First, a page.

dev: Strange pipenv bugs and dealing with dependabot

Well, it’s been a while since I’ve had my development environment running. It is crazy how things can devolved. To remind everyone, in my normal world, I use asdf, direnv and pipenv (and now poetry and conda) to manage things. The basic idea is that when I switch to a new directory, I get a new environment that is set up with a dotfile at the root of a github repo:

  1. direnv and .envrc. This sets environment variables. A good example would be a specific AWS token that I might need for a particular project. The main point here is *not to check that in!* The alternative I’ll probably move to is to put all such security tokens into 1Password as they’ve improved their dev support alot. My legacy way is to use my own handbuilt veracrypt secure disk which has the secrets and then symlink into .ssh all my secrets. It works well, but is brittle.
  2. poetry. This is used by my make files to run the right environment. You can do a poetry install to put specific pip packages into the environment and you can poetry run to run a command line or poetry shell to drop into it interactively.
  3. pipenv. I used to use pipenv for this purpose, but it was so slow in creating environments. On the other hand, it was super convenient because just changing into a directory would change the python environment.
  4. asdf. With .tool-versions, you get much the same as pipenv, that is a virtual environment for python that changes by directory. It is more general than pipenv in that you can switch basically anything (like java for instance) and it can control direnv too.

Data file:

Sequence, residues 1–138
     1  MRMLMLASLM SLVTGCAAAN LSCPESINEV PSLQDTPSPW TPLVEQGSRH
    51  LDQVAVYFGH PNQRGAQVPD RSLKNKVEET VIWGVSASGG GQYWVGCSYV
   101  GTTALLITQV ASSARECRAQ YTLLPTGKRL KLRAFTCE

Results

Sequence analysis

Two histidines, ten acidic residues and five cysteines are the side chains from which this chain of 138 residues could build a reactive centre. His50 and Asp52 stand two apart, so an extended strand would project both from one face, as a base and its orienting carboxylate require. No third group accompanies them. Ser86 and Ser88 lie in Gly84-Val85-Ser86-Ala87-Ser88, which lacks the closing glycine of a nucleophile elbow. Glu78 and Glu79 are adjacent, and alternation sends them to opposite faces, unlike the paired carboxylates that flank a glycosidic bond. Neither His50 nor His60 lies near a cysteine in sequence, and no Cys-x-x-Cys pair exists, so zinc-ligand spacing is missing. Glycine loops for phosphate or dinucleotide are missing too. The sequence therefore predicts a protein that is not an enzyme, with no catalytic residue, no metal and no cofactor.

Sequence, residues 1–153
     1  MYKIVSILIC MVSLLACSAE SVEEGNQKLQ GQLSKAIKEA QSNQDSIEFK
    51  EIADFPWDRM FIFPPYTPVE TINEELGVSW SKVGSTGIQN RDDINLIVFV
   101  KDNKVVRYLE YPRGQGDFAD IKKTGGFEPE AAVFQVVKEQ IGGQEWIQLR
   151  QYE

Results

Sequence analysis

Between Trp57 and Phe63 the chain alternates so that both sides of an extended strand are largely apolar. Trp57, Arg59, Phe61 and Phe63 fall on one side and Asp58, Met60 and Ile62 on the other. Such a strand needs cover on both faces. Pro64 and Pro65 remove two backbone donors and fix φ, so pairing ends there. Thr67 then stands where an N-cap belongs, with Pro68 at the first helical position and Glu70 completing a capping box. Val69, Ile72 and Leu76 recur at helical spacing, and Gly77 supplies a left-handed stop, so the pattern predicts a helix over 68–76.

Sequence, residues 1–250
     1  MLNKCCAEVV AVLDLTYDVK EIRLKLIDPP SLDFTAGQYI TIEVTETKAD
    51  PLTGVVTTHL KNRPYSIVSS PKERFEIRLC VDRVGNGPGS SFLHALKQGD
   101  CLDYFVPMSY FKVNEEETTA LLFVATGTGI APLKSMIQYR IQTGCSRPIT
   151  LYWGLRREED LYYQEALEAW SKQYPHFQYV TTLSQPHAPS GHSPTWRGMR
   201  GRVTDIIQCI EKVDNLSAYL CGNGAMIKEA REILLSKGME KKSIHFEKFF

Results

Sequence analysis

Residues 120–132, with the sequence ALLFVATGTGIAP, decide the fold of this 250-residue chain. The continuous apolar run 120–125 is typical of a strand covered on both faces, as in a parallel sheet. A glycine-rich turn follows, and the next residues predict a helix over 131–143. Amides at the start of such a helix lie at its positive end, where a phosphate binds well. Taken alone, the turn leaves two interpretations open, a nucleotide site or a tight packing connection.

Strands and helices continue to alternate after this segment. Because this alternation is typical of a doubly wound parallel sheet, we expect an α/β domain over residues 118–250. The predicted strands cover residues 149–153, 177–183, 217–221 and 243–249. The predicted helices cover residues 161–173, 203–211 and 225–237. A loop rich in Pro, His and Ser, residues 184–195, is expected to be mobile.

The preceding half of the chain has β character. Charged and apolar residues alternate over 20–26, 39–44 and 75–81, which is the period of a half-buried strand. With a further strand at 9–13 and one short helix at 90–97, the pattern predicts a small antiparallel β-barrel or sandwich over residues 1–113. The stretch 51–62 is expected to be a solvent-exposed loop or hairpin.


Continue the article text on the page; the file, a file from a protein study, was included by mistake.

5. make and Makefiles. This is a lot to keep up with so I have a system where a single Makefile let’s me bootstrap all the files that I need. It is sort of like a github template in that way (and I may switch to that mode), but a “cp Makefile.base Makefile && make install-repo” does the trick.
  6. Conda. conda is more powerful than poetry in that it also installs binaries and in this case, with all this machine-learning stuff, you need those. So I normally have a single conda environment with everything that I need in it and then “conda activate” it as needed

Pipenv you can forget it is there

My problem was that one particular project kept failing both neovim and pre-commit installation of jupytext. I went crazy for a while, but the ways to debug this are:

  1. Run neovim and then “:SystemHealth” this will tell you what python it is looking for. I got a strange result. Normally with poetry, you can look at the version and see the directory “poetry” in it. But this time it wasn’t it. Turns out that when I moved from pipenv to poetry, I didn’t do a “pipenv –rm” in that directory. Once done, this let Neovim find the asdf poetry
  2. The difficult part is recognizing which virtual environment tool uses what hidden directories in your home directory. Pipenv things look like ~/pyenvs/_dir_/ so that’s a giveaway. The command ‘pipenv —venv’ will tell you if there’s a Pipenv under there

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